…the urban transit lifestyle through Google Maps. Google and TriMet, the first to pair up and develop some standards and get transit systems on maps, finally have an urban competitor in the online mapping space. Bing finally offers transit directions in… well I’m not sure all of the areas they offer directions, but I know they cover Seattle now. I’m happy, but at this point Microsoft lost me years ago with their suburban centered, not so feature packed maps. Google on the other hand has pushed the envelope for years.
Which leaves me the question, how could Microsoft even gain my interest at this point in the mapping field? In the clean urban lifestyle field?
- Microsoft now has transit on the maps, using of course the transit information that originated from Google and TriMet’s work years ago.
- Microsoft provided transit to their campus from downtown Seattle, even though they’re mostly suburban focused still. Google did this in San Francisco years before Microsoft did. I do however, applaud both in these efforts!
- Microsoft does have alternative campus locations in Westlake in Seattle, and Lincoln Center in Bellevue which are great urban campuses. However, many of the people who would like to work in these offices are still stuck traveling out to the suburbs.
This also leads me to one of the other questions I have pondered a lot lately. I wonder how many candidates Microsoft loses because they are young and want to live where the startups, the fun, the action, the music, and the art are? Because those things sure aren’t out on the Redmond, that’s pretty much downtown Seattle, Fremont, or Ballard area. The mixed zoned, city center oriented, transit friendly areas. Does anyone know these statistics? Does anyone have a wild guess?
Overall, I’m not really complaining. It is awesome that Microsoft finally got on the bandwagon. I also realize that the corporate powers slowly but surely realize that they need a LOT MORE presence in urban centers in San Francisco, Portland, Seattle, and other tech heavy cities. These are the cities that are starting to show the future trend path of the youth. These cities are the ones that are showing the rest of the country how to get its act together. I just hope that these corporate leaders didn’t realize to late to stave off ill will and bad effects.
While riding the bus recently, I was contemplating the absolutely gregarious myth that public transportation is for the poor and downtrodden. Of course, this myth isn’t particularly held by those that actually know about cities, urban lifestyles, and other such things. However there are a large number of people (namely on random AM radio talk shows) that hold this myth to be true. They hold it as if it is some real redistribution of wealth, some hand out to the poor, or just some hand out in general.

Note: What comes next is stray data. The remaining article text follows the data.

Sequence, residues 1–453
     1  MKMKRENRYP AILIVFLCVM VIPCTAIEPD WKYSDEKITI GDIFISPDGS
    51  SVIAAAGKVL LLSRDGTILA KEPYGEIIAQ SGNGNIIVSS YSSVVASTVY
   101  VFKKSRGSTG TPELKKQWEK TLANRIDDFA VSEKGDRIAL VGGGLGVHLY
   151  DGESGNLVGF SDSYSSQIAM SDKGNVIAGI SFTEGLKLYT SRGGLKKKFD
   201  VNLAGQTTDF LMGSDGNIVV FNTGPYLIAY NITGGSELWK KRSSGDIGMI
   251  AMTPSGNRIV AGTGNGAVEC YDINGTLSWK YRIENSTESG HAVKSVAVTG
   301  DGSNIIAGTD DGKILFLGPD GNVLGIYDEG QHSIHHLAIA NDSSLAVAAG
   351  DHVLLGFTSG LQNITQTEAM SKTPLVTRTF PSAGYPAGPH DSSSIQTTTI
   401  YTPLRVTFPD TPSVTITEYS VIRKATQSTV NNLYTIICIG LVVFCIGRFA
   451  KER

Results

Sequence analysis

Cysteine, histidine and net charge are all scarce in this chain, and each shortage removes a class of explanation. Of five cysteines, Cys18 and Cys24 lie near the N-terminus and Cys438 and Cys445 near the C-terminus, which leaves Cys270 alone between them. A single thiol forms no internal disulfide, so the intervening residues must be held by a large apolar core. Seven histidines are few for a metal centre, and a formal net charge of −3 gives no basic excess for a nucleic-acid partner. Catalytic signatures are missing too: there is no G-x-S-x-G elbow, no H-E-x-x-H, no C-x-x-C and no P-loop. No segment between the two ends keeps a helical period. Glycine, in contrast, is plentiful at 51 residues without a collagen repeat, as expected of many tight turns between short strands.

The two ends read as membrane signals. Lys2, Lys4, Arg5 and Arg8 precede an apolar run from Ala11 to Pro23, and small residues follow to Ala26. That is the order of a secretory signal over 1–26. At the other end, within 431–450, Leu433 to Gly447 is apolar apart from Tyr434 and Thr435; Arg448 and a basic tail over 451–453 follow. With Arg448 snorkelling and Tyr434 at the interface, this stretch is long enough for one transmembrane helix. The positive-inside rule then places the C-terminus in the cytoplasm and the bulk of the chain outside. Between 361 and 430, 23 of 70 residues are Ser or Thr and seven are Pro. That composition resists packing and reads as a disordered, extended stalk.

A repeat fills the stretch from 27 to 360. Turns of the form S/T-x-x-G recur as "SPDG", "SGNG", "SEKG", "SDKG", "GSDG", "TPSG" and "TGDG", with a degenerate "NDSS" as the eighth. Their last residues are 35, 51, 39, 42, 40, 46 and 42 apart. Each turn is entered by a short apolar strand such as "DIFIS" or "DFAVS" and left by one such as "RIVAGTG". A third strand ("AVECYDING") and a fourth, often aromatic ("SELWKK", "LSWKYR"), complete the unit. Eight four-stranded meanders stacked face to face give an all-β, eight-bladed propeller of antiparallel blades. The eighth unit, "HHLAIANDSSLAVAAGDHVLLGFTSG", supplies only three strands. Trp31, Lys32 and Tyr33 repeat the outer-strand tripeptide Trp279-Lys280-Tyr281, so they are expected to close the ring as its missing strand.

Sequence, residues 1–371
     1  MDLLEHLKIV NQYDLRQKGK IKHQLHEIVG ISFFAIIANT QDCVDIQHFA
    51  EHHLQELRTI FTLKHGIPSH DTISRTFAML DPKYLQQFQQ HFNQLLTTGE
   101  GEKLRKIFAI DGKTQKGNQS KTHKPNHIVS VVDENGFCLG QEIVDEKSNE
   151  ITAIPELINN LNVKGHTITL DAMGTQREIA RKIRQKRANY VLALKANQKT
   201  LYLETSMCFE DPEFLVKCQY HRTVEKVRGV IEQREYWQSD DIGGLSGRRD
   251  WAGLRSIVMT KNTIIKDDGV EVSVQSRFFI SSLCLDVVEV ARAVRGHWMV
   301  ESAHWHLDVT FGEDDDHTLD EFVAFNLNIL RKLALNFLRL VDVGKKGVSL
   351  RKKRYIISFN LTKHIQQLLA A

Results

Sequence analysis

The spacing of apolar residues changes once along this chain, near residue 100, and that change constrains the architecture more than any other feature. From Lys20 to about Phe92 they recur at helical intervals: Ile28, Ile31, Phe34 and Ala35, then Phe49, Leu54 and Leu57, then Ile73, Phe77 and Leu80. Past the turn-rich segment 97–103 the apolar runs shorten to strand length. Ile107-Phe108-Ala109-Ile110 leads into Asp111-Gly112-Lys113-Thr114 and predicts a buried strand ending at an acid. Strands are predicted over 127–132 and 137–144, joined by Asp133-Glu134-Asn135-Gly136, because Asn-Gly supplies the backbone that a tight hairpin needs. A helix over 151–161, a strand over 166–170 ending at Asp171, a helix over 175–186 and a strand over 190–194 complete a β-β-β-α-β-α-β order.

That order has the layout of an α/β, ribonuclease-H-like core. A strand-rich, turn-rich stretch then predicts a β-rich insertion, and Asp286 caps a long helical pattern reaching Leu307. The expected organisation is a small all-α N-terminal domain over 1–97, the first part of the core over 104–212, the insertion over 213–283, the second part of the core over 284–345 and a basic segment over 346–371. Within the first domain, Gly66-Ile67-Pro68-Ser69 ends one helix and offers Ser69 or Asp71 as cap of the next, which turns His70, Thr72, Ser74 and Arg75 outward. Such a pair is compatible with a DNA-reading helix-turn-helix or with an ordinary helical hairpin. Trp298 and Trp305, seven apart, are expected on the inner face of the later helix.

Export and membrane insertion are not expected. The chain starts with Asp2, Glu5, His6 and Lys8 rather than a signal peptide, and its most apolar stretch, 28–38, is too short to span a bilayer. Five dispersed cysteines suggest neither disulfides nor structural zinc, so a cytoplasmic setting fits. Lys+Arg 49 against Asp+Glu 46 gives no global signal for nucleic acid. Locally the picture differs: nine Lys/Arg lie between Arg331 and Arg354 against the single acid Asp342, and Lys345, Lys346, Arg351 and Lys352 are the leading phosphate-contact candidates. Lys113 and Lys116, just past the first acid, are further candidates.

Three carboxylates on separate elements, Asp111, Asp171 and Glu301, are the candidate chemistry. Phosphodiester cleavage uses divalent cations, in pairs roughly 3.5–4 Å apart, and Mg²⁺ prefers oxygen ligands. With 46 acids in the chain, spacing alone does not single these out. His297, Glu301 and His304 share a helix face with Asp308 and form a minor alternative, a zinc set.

As I sit here riding the #545 toward Microsoft, I realize just how objectively wrong they are. There are approximately 60+ people on this bus as it travels across the bridge toward Microsoft. These 60+ people have a median taxable income near the upper 93-95% bracket. That means the following facts are true:
- These people are absolutely not poor, in any sense of the word.
- These people are in the bracket that pays the largest percentage of tax share to the Government. In other words these people pay approximately 1.8-2.4x their costs incurred by the Government.
Think about that for a second. These people are the bread and butter of America’s Economy right now. The part of the economy that is actually creating jobs, not shedding them. The part of the economy that is growing still.
In another part of town, Amazon has thousands of people coming in on busses and even walking to work (which I’d say is a better corporate citizen than Microsoft when it comes to environmental and economic activity).
Again, the facts for these individuals hold true also. Amazon is growing massively. They pay very well and need intelligent and highly skilled people. Everyday they’re hiring more people.
Both of these companies have a large percentage of employees that use public transit to get to and from work, and in both situations both companies provide private transit agencies to get employees back and forth to the various areas of their campuses. Both of these companies are prime examples of what should be encouraged and perpetuated in cities throughout America. These companies are also prime examples of employers, that don’t require you to have a car. Going car free with Amazon or Microsoft is super easy, and with either you could be an urban, suburban, or even rural person and get away with being car free.
So get rid of the myths if you hold them, you’re holding things that are not true in the least if you have that thought. Public transit is vital to our most productive and growing industries.